Pre-clinical evidence suggests that omega-3 (n-3) polyunsaturated fatty acids (PUFAs), in particular, docosahexaenoic acid (DHA) have been shown to affect testosterone synthesis in males. This study is a secondary analysis of a randomized controlled trial which determined the effect of a DHA-enriched fish oil supplement on insulin resistance. The aim of the current study was to determine whether testosterone levels change in response to a DHA-enriched fish oil intervention. Overweight and obese men and women without diabetes were recruited to the study. Participants were stratified by sex and randomly allocated to intervention (860 mg DHA + 120 g EPA/day; FO) or an isocaloric control (corn oil; CO) for 12 weeks. A fasted blood sample was collected pre- and post-intervention. Fatty acid composition of erythrocyte membranes was measured using gas chromatography. Total testosterone and metabolic parameters were measured by an accredited commercial pathology laboratory. Sixty-one participants (CO/FO: n = 29/32) were included in the current analysis (male: n = 22, 36.07%). DHA-enriched fish oil supplementation increased total testosterone levels in males after adjusting for baseline levels, age and BMI. There was no treatment effect in females. Changes in testosterone levels in males were positively associated with changes to omega-3 PUFAs EPA and DHA and inversely correlated with omega-6 PUFA, arachidonic acid and dihomo-gamma-linolenic acid content in erythrocyte membranes, and was associated with beneficial changes to fasting insulin and HOMA-IR across the course of the study. DHA-enriched fish oil supplementation increases testosterone levels in overweight and obese men. Further research is warranted to substantiate these findings with a larger sample size and a longer follow-up period.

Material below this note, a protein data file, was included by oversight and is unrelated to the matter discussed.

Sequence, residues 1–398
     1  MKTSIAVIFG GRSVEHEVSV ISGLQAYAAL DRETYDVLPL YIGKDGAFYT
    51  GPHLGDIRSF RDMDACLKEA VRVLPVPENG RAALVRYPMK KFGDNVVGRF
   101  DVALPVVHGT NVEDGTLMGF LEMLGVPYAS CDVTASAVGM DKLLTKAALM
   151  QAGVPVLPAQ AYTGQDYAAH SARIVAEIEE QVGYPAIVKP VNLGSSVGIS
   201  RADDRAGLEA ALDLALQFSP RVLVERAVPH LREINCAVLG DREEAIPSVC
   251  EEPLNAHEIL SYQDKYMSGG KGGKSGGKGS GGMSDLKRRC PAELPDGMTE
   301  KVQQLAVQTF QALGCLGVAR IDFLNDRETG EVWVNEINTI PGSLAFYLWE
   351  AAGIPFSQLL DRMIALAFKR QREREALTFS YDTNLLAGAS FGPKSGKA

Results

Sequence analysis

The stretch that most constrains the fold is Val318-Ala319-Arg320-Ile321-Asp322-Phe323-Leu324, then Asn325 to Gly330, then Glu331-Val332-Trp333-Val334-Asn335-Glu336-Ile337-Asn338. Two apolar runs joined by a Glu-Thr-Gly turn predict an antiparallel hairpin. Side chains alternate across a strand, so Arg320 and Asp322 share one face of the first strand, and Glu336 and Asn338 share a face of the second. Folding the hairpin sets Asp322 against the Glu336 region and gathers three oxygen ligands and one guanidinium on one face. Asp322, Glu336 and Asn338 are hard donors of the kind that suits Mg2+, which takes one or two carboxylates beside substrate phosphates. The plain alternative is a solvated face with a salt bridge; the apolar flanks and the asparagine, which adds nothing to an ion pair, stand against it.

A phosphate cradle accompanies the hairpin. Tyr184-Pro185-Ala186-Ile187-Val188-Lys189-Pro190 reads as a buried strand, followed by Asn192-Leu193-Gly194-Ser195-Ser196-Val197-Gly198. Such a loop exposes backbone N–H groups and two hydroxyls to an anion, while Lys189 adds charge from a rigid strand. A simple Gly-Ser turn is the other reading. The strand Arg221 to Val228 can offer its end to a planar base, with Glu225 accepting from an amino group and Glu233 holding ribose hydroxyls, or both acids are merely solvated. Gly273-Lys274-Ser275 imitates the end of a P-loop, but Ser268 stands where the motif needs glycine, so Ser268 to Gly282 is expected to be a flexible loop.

Keywords: Docosahexaenoic acid; Obesity; Omega-3; Polyunsaturated fatty acids; Randomised controlled trials; Testosterone.
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